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Dunedin City Council – Kaunihera-a-rohe o Otepoti
Building plan.

Building consent process

This page takes you through a step by step guide to the building consent process. The building consent process is designed to ensure your project meets all criteria under the Building Act 2004.

What happens once my building consent application has been received?

Once the application has been vetted for completeness (this process may take up to 2 working days) and accepted, it is entered into our processing system and then allocated to the various disciplines for processing for example, planning, engineering, water, building & drainage, and transport. A  deposit can be paid at lodgement, alternatively you can be invoiced before the consent is granted and issued.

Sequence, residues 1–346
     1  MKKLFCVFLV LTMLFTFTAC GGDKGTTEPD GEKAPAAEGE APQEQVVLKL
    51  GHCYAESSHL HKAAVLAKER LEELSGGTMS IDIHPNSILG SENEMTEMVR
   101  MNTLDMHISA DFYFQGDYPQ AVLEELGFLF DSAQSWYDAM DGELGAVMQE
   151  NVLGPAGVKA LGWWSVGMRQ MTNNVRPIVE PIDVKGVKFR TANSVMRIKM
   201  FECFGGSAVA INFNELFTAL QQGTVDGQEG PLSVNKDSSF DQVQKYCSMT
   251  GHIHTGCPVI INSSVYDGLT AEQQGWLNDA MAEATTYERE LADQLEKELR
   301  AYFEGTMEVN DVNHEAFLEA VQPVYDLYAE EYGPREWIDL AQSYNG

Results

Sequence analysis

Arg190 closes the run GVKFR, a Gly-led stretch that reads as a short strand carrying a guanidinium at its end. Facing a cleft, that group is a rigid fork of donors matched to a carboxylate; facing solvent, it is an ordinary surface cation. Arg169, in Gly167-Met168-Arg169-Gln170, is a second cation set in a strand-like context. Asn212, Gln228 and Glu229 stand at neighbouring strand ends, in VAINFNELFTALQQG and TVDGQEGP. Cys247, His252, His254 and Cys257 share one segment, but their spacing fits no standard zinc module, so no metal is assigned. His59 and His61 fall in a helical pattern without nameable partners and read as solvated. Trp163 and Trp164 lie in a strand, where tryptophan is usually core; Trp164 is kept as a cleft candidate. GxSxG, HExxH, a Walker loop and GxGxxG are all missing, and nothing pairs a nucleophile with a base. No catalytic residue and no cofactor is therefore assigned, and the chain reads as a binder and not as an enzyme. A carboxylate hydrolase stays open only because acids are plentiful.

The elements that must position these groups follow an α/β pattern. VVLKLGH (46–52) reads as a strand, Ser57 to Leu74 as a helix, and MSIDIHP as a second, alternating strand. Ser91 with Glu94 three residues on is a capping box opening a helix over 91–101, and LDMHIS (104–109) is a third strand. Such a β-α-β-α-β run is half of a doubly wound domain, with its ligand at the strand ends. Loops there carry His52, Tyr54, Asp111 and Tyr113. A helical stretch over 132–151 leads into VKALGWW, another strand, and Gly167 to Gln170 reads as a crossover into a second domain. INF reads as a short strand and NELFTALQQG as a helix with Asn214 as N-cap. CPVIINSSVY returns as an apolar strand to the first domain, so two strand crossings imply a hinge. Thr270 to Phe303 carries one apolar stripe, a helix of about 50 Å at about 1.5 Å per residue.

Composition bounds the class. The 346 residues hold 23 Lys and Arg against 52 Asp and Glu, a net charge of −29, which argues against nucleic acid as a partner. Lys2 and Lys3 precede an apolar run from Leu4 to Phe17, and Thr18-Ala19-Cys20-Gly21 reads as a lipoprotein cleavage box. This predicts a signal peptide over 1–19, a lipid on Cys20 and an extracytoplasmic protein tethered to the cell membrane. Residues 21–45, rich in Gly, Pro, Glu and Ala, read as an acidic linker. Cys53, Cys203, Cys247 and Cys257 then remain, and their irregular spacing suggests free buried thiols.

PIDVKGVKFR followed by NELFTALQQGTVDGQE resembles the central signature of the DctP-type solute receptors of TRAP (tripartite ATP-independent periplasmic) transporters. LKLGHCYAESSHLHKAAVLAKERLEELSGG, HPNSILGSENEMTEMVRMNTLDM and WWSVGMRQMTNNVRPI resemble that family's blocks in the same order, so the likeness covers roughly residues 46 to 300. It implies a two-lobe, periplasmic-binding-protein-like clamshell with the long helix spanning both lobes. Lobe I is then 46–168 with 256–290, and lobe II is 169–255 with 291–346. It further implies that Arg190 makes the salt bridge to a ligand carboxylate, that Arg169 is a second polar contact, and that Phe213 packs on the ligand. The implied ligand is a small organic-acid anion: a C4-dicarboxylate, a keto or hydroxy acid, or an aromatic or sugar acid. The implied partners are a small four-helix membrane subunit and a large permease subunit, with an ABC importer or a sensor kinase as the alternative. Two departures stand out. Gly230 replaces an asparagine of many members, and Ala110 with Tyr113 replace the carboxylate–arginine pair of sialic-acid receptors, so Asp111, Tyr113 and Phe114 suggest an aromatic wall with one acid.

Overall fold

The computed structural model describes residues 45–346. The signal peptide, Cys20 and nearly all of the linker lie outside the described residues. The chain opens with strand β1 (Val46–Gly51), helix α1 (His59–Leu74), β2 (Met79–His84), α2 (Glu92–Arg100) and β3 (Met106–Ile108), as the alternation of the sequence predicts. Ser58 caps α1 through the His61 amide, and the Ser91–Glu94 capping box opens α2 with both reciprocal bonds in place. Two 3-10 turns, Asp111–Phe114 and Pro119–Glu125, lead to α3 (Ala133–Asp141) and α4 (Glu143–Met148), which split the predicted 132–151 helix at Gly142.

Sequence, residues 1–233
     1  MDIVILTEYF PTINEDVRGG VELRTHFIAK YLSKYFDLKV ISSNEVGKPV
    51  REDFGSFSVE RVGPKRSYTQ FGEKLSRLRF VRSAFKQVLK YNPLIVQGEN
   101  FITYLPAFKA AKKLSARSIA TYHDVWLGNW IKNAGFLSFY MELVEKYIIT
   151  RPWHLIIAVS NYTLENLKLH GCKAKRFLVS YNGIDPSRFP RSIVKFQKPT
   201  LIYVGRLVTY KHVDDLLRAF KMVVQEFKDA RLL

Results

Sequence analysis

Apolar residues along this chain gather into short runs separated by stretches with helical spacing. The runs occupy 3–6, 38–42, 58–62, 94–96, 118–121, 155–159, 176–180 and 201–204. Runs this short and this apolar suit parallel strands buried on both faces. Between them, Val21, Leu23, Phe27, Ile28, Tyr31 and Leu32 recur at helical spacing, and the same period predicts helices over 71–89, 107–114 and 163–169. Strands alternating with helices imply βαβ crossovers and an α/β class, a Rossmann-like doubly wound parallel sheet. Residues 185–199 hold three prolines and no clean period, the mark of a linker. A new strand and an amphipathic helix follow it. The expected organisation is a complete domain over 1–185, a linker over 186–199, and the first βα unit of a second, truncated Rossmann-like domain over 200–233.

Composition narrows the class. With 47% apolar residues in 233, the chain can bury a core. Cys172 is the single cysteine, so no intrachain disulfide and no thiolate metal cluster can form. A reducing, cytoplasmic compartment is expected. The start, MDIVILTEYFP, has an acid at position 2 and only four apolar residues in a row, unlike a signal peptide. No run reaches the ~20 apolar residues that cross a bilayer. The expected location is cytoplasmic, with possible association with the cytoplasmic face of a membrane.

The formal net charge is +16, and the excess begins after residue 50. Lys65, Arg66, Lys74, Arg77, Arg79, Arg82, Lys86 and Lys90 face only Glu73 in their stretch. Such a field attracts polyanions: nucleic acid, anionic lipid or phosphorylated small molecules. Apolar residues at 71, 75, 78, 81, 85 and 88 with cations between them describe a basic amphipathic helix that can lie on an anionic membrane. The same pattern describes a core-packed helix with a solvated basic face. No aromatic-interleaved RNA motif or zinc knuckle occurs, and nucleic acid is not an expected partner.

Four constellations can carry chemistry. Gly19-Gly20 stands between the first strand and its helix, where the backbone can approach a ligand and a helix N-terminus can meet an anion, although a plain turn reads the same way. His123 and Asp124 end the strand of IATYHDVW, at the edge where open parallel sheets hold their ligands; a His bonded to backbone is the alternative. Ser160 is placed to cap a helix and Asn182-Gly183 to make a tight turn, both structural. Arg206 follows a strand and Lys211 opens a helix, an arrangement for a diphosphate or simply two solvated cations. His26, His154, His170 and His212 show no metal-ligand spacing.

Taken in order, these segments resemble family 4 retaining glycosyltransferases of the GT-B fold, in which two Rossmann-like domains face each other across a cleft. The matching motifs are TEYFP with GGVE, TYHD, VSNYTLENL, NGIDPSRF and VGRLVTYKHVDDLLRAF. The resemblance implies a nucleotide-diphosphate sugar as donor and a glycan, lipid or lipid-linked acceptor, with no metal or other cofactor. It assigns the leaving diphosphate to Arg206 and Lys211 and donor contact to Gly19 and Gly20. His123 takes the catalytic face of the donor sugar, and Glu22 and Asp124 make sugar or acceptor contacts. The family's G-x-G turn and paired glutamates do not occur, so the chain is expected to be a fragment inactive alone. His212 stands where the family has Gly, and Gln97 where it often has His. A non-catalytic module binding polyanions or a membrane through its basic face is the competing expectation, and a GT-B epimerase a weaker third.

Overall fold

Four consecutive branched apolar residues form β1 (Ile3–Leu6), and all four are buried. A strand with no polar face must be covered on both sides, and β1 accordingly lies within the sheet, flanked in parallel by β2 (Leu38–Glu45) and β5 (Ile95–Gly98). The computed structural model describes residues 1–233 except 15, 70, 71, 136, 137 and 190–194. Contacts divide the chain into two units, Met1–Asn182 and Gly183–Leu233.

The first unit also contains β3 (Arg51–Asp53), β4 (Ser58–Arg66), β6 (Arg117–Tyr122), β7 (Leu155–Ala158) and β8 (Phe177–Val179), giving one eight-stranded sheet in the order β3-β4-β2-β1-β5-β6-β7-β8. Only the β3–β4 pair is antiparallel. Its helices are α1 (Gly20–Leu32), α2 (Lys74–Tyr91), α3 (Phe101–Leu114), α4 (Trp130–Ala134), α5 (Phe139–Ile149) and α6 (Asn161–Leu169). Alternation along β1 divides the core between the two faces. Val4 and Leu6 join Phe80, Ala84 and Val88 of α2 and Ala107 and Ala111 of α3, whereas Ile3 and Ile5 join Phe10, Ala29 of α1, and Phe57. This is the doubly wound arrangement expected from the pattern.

Tracking progress of your building consent application

You can now track your building consent on the DCC's website. Before accessing this information you will need to Apply to become a registered user in the related information area.

Once your registration is approved, you can view the status of any building application by using the General Enquiry tab on the Apply Online link in the related information area. You will need to be nominated as a stakeholder (by the applicant) if you wish to view further detail about the building application.

Refer to the submit building applications page in the related information area for further information on registering and lodging building applications online.